Walking around Vilnius, map in hand. I have a list of “things to see”, but my overall mood is apathetic. I don’t want to be here, though it’s beautiful and the supermarkets are better than those in Copenhagen or Warsaw: an unexpected bonus. I have been directed to a bus stop and a bus to catch. It takes me to another stop, where I am supposed to wait for another minibus to take me to Europos Parkas – an outdoor museum of soviet-era infrastructure. Apparently this minibus is on a loop, so there are no specified times for pick-up. I wait 30 minutes, my hands plunged deep inside my coat pockets, the cold cutting to the bone. I decide to walk back the way I came on the bus – which is not as far as the first bus ride seemed – and take photos of street art, whilst listening to music on my iPod. I am detached. I daydream about a beach in Mexico somewhere.

I return to my hostel where the Canadian guy who runs the place talks about rifles and plays seek-and-destroy computer games. Lucky he marked an area on my map where I could hire a prostitute. Perfect.


Looking at a map, planning this trip, I wanted to see Copenhagen and Berlin whilst in Europe, but had to get back to Helsinki to catch the next onward flight to North America. My friend, Phiona, pointed out that if I went through Scandinavia, I would end up bankrupted, so – exciting as it was at the time – we drew a line through Warsaw, Vilnius, Riga and Tallinn – Poland and the Baltics. New and cheaper! It also meant I could ‘tick off’ more countries, but now that I’m actually doing it, I feel as hollow as that sounds: Oh? The Russians killed a whole heap of you? Hmm. Check. This used to be a soviet-bunker? Interesting… Hmmm, I like what you’ve done with your gargoyles.

I’ve experienced some instances of loneliness in the last couple of weeks, but I’ve not felt alone, or sad, or depressed. Just tired. Tired of moving, tired of making a decision of what to do each day (this can boil down to finding a bigger supermarket, or finding a Laundromat), and tired of not having my own space. And amongst the beauty of colourful gingerbread landscapes, and a bitter European Autumn, my mind settles on two things: One; that I don’t really care. And two; I want to be in North America. I want to be in countries where I speak the languages, and in places that don’t rest on the laurels of a handsome “old town”.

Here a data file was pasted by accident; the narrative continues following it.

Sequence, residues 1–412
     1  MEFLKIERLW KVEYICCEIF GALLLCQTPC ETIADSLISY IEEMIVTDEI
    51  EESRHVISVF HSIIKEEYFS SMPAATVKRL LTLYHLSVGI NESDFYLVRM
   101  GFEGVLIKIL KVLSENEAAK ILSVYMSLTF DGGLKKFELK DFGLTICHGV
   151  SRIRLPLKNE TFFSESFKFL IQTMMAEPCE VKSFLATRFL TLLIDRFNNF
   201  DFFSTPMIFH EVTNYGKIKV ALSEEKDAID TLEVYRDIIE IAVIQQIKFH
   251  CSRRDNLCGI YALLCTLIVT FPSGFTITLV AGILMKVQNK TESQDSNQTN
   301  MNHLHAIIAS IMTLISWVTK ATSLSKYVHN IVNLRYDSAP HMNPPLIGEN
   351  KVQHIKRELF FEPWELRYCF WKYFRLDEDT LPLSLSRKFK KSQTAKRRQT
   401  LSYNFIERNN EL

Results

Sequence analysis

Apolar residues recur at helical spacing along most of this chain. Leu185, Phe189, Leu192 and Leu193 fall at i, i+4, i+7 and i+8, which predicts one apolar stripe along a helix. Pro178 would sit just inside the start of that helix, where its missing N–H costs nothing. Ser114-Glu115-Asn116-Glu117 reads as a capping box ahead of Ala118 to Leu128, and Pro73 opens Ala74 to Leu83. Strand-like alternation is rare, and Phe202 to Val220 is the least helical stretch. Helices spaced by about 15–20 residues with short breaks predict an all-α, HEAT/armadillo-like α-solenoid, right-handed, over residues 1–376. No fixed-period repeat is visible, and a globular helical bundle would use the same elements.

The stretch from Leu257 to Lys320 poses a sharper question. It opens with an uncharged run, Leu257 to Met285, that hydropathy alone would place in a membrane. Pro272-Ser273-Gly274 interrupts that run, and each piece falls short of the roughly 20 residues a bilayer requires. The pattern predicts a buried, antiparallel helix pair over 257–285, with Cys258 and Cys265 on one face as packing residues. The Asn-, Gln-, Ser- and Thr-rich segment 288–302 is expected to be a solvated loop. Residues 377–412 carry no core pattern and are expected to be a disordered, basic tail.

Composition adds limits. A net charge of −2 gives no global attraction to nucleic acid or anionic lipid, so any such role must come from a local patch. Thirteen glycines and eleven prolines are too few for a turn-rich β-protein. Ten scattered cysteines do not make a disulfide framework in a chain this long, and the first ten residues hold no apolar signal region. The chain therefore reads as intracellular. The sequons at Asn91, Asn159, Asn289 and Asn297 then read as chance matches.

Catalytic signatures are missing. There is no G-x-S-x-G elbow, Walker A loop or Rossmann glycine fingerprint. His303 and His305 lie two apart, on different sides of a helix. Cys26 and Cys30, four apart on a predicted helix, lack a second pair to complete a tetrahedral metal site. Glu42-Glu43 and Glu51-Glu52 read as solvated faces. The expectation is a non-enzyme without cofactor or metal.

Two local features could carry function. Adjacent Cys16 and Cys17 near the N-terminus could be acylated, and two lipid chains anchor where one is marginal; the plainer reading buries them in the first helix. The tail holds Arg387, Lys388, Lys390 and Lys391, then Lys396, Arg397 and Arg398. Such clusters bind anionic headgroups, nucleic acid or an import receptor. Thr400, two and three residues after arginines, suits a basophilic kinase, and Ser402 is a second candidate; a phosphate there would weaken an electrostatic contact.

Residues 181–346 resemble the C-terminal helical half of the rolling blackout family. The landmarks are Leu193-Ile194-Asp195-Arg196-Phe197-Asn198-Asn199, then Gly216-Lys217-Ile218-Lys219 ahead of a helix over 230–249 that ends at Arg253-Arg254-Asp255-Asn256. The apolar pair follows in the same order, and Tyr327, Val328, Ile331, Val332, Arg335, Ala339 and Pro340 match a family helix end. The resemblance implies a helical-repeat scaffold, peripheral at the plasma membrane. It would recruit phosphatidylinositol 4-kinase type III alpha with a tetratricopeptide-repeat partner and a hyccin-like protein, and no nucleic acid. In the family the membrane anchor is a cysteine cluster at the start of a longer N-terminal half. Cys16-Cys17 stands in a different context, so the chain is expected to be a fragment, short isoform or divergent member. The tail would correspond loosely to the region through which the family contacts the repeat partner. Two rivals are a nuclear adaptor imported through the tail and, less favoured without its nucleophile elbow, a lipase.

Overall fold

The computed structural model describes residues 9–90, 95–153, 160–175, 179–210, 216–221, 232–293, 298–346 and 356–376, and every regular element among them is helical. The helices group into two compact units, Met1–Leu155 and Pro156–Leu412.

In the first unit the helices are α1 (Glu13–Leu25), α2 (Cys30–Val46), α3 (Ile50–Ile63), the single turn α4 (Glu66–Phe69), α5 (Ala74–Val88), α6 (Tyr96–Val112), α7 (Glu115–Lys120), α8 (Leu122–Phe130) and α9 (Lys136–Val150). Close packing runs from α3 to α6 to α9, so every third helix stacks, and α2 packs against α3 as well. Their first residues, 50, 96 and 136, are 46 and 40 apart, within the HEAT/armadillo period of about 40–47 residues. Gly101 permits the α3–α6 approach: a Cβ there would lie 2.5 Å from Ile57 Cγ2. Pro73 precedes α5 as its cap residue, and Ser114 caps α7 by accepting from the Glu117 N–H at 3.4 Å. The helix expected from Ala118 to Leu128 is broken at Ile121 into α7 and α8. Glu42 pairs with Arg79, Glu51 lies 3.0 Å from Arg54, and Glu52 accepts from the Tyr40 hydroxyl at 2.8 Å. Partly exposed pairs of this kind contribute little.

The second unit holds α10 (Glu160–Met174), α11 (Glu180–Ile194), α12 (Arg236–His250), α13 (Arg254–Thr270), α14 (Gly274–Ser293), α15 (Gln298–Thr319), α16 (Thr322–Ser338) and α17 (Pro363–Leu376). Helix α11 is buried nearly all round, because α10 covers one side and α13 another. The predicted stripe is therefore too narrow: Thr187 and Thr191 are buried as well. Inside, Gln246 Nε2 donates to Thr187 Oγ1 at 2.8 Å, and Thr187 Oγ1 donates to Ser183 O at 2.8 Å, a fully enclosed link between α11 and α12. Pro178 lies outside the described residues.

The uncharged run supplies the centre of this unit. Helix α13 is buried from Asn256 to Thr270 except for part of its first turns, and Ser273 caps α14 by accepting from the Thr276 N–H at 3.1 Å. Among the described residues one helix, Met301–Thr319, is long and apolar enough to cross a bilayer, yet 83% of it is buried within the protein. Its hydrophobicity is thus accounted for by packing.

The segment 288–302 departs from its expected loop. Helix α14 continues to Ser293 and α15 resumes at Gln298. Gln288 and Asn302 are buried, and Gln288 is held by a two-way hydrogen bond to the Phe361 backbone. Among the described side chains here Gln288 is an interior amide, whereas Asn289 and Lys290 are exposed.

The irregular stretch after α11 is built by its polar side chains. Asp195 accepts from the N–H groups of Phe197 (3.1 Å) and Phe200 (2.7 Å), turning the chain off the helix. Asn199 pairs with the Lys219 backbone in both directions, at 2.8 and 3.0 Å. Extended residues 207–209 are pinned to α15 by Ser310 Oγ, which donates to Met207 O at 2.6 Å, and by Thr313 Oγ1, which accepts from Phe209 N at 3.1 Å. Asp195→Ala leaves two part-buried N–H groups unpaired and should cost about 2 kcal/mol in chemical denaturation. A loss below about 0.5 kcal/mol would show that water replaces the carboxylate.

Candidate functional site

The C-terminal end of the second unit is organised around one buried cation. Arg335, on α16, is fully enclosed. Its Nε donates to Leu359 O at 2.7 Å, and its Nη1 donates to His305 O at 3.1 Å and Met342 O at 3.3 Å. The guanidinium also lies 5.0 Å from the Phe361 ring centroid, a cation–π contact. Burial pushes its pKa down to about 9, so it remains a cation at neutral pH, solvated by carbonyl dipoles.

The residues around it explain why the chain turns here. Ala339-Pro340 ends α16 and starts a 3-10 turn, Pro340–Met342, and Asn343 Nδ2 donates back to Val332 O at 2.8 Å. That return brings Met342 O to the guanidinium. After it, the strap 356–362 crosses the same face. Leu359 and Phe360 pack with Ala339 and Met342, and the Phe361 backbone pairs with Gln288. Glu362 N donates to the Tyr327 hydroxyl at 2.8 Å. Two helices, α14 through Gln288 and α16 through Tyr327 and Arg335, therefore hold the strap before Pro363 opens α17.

It’s a petty complaint, but I get really tired of people asking what I’ve seen or what I’m going to see in the day. The experiences you get travelling are unexpected, and the more you force them, more often than not, you’ll be disappointed – like New Year’s Eve, for example. And like life when you’re at home, you will probably have more interactions with the world if you leave your house, but still, there are many days that mould into one long experience of just existing and surviving. I need a stay-at-home day.



The streets of Vilnius. The day after. I went out drinking to force something to happen – some interaction worth the journey. I gingerly step past exiting church-goers, wondering if the vodka will re-emerge. Instead, I find an empty car park surrounded by dilapidated apartments and have a cry. I’m too dehydrated for tears, but the sobbing alleviates my churning stomach.


I’m too optimistic to say that this part of the journey was a mistake. But I’m cynical enough to get myself out of it as quickly as possible.

NB: I am enjoying my time as much as possible, and liked meeting new friends in Poland. I think I just needed to get this sort of blog/feeling off my chest.


6 thoughts on “An Introvert’s Lonely Planet

  1. I agree with Steph; this is a lovely post, Sam, and interesting for me ‘cuz I had similar feelings when in Berlin last year en-route to Mexico. We’re so lucky to have the chance to do trips like this as young people and I think it’s natural to get carried away at the planning stage, trying to make the most of it (i.e. must see as many countries as I can!!). But sometimes, much as you want to live in the moment, if you KNOW it’s just a stop on the way to the place you’re really excited about, then that’s what it will feel like, and no amount of museums and will change that.

    This will cheer you up:

    Onwards and upwards! x

  2. Hola Sam!
    Me gusta mucho tu blog, pero esta historia en particular.
    Gracias por escribir tus experiencias de viaje y compartirlas tan abiertamente con nosotros. 🙂
    Continua tu viaje con la misma sabiduria de siempre.
    Mexico te espera, asi que animos!